On August 18th, the Virginia General Assembly convened for a special session to revisit the recently passed biennial budget ravaged by COVID-19 and to take up legislation predominantly focused on pandemic impacts, criminal justice, and police reform. At the onset, the House met at VCU’s Siegel Center and the Senate used the Science Museum of Virginia as its meeting venue. The House chamber got off to a delayed start eventually deciding to conduct its business virtually.
The Virginia Secretary of Finance announced that the Commonwealth is faced with a $2.7 billion revenue shortfall in the two-year budget. To balance the budget, the Governor proposed cuts to one-time spending and canceling deposits into the Commonwealth’s rainy-day fund. The General Assembly is currently in the process of considering the Governor’s amendments. The major issue we are tracking in the budget is funding for capital projects. As you may recall, during the Reconvene Session in April the Governor was given the authority to suspend or delay capital expenditures. At this time any delay in capital project spending at the state level has been based on a project by project basis. After reviewing the Governor’s amendments and discussions with the Administration, we do not see or anticipate any across the board cuts to capital spending.
AIA Virginia is monitoring the following two pieces of legislation that may impact your firm:
This legislation would require employers to provide paid quarantine leave. The bill would require 80 hours of paid sick leave if an employee or family member contracted COVID or if an employee or a family member must quarantine. Senator Barbara Favola (D-Arlington) introduced a similar bill (SB 5076) which failed to pass the Committee on Commerce and Labor with a 12-3 vote. Delegate Guzman’s bill passed the House with a 54-44 after being heavily amended several times. Based on the action in the Senate we anticipate this bill may fail, but are uncertain as to whether future amendments may increase its likelihood of success.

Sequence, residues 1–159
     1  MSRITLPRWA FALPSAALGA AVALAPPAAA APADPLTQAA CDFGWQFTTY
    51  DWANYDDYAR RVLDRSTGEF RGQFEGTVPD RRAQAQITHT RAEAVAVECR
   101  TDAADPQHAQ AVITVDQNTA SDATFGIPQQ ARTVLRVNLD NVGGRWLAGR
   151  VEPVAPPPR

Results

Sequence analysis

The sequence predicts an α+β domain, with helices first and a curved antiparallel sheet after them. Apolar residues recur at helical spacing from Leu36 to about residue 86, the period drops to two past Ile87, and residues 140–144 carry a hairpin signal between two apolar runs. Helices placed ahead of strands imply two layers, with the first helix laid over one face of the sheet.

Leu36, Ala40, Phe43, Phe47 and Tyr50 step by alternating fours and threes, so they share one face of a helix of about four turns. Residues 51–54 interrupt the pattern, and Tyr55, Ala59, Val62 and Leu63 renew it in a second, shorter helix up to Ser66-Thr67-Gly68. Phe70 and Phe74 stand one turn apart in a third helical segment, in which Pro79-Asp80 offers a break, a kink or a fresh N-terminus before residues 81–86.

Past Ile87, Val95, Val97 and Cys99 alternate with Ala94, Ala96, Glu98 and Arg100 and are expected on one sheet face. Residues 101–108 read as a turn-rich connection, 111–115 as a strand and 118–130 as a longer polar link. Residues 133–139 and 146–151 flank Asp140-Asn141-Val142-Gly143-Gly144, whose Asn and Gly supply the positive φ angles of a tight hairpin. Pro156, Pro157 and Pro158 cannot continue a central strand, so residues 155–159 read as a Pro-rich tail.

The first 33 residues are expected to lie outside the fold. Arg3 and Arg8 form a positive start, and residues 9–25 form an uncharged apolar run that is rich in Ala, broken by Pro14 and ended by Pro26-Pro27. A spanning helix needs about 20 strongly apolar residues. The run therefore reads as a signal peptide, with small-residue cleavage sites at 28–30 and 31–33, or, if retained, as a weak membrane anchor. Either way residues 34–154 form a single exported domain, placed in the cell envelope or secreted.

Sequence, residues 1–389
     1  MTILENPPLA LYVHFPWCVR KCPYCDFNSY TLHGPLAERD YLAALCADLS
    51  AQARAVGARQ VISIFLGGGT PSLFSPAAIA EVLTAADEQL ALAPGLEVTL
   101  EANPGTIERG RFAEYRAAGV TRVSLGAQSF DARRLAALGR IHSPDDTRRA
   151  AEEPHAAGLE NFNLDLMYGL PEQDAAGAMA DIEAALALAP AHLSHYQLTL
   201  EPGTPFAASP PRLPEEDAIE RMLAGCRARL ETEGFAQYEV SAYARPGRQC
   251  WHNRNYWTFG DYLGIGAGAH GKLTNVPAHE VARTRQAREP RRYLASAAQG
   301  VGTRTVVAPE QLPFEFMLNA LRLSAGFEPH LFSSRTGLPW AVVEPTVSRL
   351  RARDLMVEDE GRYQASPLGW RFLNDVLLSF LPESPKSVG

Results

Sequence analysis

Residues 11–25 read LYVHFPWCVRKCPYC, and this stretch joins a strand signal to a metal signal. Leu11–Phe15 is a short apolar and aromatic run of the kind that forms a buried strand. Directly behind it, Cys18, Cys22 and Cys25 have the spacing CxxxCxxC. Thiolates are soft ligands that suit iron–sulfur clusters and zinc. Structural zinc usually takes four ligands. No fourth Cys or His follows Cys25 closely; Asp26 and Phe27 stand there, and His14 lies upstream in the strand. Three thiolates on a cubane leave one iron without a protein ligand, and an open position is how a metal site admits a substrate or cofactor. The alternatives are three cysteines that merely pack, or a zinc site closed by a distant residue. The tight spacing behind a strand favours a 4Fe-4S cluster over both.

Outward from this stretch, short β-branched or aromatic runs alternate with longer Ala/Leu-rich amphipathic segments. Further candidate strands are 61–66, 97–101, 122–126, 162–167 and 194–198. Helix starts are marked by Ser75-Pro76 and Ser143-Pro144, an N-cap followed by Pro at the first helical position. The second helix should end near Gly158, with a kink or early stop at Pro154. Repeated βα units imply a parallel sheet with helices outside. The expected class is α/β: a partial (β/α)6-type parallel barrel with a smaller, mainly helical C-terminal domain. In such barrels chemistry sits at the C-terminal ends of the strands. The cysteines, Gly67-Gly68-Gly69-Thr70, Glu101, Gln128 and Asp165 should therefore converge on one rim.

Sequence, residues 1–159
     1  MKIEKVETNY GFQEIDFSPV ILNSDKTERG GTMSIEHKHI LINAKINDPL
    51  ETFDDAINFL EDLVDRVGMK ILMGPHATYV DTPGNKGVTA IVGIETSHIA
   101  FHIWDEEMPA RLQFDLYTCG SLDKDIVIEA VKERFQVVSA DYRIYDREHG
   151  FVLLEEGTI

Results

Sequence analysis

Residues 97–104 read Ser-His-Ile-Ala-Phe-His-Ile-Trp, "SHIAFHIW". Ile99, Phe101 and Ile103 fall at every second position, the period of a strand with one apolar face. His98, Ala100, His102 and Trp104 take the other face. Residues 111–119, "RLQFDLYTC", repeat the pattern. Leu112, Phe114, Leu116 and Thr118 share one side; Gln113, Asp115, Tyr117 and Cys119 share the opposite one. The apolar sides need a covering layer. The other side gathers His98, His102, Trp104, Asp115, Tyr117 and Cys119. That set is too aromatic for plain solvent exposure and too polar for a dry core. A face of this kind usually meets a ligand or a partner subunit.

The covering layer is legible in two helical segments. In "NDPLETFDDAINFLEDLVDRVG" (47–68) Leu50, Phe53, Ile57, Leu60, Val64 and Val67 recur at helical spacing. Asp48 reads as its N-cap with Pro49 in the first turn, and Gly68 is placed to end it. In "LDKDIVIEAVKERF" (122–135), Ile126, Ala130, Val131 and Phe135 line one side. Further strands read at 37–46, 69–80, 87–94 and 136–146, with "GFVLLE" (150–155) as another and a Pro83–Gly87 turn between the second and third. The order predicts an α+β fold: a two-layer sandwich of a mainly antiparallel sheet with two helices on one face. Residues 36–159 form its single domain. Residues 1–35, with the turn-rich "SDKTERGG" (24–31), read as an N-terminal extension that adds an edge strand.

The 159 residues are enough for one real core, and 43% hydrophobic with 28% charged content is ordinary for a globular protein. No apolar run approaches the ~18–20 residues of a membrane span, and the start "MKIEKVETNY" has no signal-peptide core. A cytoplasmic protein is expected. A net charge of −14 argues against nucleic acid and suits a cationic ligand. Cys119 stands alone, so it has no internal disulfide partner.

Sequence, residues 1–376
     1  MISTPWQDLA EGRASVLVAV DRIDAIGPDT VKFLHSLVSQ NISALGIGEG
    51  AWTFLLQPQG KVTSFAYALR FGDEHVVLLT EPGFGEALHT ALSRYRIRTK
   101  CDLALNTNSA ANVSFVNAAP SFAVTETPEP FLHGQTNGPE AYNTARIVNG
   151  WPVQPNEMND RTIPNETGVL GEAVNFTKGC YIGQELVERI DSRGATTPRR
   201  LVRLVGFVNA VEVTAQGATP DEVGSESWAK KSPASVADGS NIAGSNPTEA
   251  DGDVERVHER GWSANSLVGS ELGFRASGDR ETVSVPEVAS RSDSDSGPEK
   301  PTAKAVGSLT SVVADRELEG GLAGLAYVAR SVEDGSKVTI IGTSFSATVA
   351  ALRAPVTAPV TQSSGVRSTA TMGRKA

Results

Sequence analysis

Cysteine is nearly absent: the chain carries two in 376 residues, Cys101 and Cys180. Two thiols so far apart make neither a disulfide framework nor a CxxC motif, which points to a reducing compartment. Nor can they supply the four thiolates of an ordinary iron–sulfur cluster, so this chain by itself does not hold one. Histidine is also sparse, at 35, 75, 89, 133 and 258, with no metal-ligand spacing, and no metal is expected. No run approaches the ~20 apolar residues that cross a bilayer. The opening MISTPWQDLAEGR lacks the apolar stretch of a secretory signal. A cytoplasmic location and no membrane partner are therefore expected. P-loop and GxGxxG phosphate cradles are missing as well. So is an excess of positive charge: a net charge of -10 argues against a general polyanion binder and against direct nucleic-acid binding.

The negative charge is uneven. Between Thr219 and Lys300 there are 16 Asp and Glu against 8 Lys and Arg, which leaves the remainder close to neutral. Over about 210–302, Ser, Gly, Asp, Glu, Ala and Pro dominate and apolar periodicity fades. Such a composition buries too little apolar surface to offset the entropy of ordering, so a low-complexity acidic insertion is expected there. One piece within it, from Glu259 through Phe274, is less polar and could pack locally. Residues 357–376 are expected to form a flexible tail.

Various legislators have introduced bills that provide immunity from civil claims related to the transmission or exposure to COVID-19 if the organization has complied with applicable local, state, and federal policies and guidance. Typically, when a number of legislators introduce similar bills, the result is one combined bill. In this case, the Senate Majority Leader Richard “Dick” Saslaw (D-Springfield) is carrying the combined bill in the Senate and Delegate Rip Sullivan (D-Arlington) is carrying the companion in the House.
SB 5106 extends until at least July 1, 2022, the sunset date for various local land use approvals that were valid and outstanding as of July 1, 2020. This measure was introduced at the request of the Homebuilders Association of Virginia and is supported by many organizations who are concerned with COVID-19 slowdowns in construction projects that rely on various local land use approvals. The bill has passed the Senate and we are awaiting committee assignment in the House.
If you have any questions, please feel free to submit them to Corey Clayborne, FAIA at email@example.com